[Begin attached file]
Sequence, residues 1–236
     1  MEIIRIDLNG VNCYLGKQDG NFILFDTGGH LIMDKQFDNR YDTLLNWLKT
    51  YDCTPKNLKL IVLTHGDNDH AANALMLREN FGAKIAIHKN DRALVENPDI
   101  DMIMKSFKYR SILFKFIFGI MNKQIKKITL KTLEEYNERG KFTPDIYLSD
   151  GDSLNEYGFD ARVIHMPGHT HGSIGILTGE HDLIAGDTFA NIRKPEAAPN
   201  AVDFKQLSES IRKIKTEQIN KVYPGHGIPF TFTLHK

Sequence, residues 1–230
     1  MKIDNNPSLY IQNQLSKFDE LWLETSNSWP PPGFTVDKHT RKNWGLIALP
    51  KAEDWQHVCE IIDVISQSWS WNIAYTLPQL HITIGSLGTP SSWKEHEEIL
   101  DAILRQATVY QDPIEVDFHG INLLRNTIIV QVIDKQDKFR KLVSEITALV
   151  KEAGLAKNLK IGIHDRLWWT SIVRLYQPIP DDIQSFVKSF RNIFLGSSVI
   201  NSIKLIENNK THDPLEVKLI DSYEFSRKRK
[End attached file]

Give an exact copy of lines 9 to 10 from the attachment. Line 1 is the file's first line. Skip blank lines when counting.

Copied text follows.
    51  KAEDWQHVCE IIDVISQSWS WNIAYTLPQL HITIGSLGTP SSWKEHEEIL
   101  DAILRQATVY QDPIEVDFHG INLLRNTIIV QVIDKQDKFR KLVSEITALV